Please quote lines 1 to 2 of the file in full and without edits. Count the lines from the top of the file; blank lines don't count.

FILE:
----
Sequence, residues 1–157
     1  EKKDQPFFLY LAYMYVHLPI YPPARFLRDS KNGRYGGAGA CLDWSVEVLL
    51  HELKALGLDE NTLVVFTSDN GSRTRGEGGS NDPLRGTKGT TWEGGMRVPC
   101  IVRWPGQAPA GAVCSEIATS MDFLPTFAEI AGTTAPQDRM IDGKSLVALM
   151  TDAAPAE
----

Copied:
Sequence, residues 1–157
     1  EKKDQPFFLY LAYMYVHLPI YPPARFLRDS KNGRYGGAGA CLDWSVEVLL